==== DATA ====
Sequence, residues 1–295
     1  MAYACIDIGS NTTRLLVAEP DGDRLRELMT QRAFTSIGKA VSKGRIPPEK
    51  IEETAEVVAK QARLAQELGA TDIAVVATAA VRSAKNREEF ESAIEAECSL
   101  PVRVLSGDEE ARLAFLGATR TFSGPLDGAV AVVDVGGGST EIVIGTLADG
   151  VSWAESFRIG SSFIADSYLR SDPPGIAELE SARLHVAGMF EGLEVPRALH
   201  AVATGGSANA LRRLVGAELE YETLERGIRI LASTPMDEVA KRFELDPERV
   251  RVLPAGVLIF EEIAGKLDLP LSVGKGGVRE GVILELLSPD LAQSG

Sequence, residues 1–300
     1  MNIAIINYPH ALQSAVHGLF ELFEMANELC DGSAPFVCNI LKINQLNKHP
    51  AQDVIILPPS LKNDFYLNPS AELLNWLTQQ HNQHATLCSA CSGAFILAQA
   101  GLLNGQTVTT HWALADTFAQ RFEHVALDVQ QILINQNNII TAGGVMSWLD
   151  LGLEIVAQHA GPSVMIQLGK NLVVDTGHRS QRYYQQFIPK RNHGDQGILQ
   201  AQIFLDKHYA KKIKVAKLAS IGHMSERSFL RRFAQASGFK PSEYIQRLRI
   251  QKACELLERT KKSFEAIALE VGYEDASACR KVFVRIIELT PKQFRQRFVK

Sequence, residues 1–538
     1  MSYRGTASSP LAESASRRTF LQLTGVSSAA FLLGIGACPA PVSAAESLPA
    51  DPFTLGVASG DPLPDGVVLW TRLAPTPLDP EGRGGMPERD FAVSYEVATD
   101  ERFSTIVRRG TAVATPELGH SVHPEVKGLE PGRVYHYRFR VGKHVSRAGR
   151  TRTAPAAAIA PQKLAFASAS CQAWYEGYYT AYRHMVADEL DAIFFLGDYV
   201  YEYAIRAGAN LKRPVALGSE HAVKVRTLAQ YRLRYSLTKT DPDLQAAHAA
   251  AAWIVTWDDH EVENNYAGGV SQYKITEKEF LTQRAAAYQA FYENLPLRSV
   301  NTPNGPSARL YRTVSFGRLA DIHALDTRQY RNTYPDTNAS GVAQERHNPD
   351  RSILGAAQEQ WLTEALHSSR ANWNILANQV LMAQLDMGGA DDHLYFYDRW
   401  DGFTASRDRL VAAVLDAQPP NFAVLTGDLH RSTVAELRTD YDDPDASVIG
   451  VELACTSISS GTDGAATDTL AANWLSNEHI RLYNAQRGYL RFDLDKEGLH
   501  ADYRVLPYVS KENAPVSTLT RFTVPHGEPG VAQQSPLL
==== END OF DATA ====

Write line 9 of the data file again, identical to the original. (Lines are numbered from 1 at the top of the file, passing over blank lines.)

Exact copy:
     1  MNIAIINYPH ALQSAVHGLF ELFEMANELC DGSAPFVCNI LKINQLNKHP